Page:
So that was it. D-Day.
Our application to the Science and Technology Facilities Council (STFC) for a rolling grant to cover the next 5 years of astronomy research went in a few months ago. Over the summer we got feedback from independent referees. But today was the crunch. The dreaded panel visit.
In the old days the grants panel used to visit the applicants at their own institute, chat to the postdocs and staff, help themselves to free food, and generally get a feel for the place over a period of a couple of days. Now, all that cosiness has gone. Nowadays the applicants visit the panel. Mohammed and the Mountain and all that (except I’m not sure which is which).
A large group of astronomers are involved in this application, but STFC rules permit only three representatives to make the pilgrimage to Swindon in order to testify in front of the experts. I was among the chosen few, although I was not particularly grateful for this honour.
This would have been stressful enough, but there is grim talk of slashed budgets and looming financial disaster for UK astronomy. The successful launch of Planck and Herschel in May, followed by the exceptionally promising snippets of data that we’ve been getting, has strengthened what was already a very strong case. These events should have given us all the cards. The trouble is, it looks like the casino has gone bust.
We were all a bit nervous, I can tell you, as we travelled to Swindon on the early train from Cardiff. Steve Eales is Principal Investigator on the grant and he’s a self-confessed morning person so he went on a ludicrously early train in case something happened to delay him. Derek Ward-Thompson and I followed on a more sensible one, but we all got there safely and on time in the end.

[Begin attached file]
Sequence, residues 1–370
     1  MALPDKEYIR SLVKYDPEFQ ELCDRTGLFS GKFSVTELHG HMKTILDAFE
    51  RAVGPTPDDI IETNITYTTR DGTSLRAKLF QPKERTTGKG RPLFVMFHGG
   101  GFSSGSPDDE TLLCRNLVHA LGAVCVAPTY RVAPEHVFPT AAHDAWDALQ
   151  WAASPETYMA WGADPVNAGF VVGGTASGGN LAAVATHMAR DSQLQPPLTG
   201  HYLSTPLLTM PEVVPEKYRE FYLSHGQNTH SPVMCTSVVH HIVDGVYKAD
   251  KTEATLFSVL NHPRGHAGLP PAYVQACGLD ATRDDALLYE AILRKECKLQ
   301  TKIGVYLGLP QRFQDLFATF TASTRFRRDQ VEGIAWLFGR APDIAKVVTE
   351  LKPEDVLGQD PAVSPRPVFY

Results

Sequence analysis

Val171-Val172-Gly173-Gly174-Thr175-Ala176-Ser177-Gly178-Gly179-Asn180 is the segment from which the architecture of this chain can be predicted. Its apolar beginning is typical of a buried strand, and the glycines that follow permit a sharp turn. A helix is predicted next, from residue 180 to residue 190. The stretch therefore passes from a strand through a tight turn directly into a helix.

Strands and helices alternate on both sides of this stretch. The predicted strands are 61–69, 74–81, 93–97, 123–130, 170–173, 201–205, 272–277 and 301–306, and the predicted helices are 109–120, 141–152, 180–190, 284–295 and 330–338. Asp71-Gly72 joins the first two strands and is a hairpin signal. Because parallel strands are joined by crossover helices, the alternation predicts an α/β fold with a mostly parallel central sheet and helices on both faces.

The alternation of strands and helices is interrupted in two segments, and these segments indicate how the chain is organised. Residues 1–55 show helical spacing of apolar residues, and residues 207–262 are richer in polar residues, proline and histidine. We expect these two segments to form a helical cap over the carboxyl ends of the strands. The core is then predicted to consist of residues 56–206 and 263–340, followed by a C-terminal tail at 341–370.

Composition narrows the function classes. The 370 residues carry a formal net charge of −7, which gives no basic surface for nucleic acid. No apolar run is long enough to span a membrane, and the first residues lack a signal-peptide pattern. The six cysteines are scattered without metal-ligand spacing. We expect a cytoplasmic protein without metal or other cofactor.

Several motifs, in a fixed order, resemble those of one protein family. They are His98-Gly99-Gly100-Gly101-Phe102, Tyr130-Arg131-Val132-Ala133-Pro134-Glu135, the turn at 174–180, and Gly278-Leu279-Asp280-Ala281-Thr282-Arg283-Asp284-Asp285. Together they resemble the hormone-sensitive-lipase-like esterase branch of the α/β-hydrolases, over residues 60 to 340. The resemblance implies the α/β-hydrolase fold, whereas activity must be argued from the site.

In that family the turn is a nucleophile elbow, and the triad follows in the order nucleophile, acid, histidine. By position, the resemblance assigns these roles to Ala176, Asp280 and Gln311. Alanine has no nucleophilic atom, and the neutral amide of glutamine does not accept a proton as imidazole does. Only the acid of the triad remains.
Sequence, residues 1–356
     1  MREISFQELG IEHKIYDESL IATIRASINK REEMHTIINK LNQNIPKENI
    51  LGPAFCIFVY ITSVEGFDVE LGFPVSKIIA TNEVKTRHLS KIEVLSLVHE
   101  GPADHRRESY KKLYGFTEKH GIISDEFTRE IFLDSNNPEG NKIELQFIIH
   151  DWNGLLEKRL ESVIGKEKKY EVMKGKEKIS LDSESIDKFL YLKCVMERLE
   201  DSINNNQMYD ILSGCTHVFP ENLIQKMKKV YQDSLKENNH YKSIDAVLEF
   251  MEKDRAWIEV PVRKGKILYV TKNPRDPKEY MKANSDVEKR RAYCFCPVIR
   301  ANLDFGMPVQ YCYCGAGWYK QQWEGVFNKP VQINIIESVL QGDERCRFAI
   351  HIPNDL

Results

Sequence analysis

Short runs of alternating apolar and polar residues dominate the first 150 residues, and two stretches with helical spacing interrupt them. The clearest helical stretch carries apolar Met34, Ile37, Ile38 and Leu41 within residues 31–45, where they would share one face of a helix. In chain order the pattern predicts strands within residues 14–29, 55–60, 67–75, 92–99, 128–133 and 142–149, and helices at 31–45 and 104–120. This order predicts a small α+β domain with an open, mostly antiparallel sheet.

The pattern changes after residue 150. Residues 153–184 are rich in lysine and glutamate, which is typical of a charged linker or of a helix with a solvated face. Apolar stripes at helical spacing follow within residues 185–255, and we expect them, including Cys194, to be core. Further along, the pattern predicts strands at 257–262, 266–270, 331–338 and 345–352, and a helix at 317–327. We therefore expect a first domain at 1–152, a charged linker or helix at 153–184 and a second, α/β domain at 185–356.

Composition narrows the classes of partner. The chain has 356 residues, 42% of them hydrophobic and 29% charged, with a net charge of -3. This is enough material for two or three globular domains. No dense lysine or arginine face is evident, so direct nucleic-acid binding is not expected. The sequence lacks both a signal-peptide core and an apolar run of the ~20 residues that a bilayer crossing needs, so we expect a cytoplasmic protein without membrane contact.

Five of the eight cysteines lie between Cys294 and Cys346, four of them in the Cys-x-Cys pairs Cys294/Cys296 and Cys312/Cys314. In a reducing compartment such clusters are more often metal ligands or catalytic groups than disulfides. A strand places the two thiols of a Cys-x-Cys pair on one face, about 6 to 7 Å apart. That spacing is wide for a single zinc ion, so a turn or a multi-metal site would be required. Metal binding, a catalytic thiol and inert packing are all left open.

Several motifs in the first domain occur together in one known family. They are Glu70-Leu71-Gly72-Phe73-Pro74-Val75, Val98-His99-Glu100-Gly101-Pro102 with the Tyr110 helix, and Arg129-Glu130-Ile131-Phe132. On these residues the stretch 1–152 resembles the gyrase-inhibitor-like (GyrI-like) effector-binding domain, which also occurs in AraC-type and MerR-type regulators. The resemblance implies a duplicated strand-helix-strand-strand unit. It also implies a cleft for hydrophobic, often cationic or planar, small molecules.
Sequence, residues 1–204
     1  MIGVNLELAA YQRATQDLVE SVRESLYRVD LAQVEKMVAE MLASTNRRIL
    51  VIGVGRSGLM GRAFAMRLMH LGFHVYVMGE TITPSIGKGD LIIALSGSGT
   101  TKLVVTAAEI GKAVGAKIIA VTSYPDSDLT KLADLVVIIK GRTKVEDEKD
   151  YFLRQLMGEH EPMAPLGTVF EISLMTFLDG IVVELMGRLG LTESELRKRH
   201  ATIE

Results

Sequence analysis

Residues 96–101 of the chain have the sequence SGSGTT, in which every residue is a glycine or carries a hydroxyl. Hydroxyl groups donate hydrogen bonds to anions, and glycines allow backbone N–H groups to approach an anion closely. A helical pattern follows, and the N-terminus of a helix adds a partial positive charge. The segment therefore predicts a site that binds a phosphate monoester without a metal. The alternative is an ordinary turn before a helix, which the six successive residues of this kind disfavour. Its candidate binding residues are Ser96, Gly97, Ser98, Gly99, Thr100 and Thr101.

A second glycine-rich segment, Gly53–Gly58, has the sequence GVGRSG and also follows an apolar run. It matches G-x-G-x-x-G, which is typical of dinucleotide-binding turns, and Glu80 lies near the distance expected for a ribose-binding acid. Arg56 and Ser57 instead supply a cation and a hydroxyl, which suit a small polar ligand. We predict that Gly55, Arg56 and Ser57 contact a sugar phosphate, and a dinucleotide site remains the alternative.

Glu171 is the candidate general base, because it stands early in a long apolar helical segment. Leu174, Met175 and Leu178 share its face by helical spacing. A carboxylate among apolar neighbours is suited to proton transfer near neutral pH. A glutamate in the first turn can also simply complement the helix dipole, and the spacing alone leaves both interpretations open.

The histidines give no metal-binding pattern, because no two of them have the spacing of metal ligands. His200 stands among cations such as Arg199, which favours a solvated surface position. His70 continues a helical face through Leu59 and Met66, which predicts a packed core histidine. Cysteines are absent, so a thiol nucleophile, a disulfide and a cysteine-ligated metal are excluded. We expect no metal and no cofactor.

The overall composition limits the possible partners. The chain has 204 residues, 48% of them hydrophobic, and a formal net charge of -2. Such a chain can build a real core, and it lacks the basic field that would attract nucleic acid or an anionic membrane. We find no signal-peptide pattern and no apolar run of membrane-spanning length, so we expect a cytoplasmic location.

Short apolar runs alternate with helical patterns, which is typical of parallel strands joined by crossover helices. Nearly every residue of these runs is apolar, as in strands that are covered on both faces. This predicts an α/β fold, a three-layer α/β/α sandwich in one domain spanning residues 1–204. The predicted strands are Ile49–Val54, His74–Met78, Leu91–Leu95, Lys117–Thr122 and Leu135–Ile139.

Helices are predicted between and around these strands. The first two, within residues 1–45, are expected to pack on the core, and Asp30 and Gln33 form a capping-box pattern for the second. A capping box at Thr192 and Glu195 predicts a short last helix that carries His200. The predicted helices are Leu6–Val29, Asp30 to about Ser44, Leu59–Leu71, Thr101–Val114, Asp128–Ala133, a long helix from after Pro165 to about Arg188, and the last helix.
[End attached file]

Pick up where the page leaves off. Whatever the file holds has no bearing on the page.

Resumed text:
We started with a presentation by Steve which he delivered in superb style, keeping exactly to time but also ticking all the boxes we were asked to cover in the instructions we got. The science updates from the last 6 months are really impressive, and it was all made even more dramatic when he told the panel that the new Herschel images they were seeing were not public and therefore that they shouldn’t look at them.
Then we were due for 45 minutes questioning by the panel. I thought it might be something like Blind Date because there were three of us to do the answering. Question Number One for Contestant Number Two, that sort of thing, except that we anticipated slightly more technical questions and we weren’t expecting Cilla Black to be there.
But there weren’t many questions at all. In fact, I had only one question (on the cosmology part). It was curiously anti-climactic after having had a near-sleepless night worrying about it. This could mean either that they’d already decided to close us down, that they’d already decided we were brilliant, or that they already knew there was no money so there wasn’t any point in asking anything.
So 25 minutes into the 45 allotted we were shown the door and headed back to Cardiff by train. It was like Monty Python in reverse: we did expect the Spanish Inquisition, but it never happened…
We jabbered nervously on the return journey because the adrenalin was still going, speculating about what it all meant but not coming to any real conclusions except that Steve had given a great presentation and that we had all answered the questions as well as we could have been expected to. It’s all out of our hands now.
The trouble is that we’re not likely to get a new grant announcement until April 2010, which is actually when the grant is supposed to start. The postdoctoral researchers we currently employ will have to wait until then to hear about possible extensions to their contracts. Perhaps by April the management will have sorted out the current STFC crisis so we can get on and do some science with the wonderful new data.
On the other hand, perhaps not….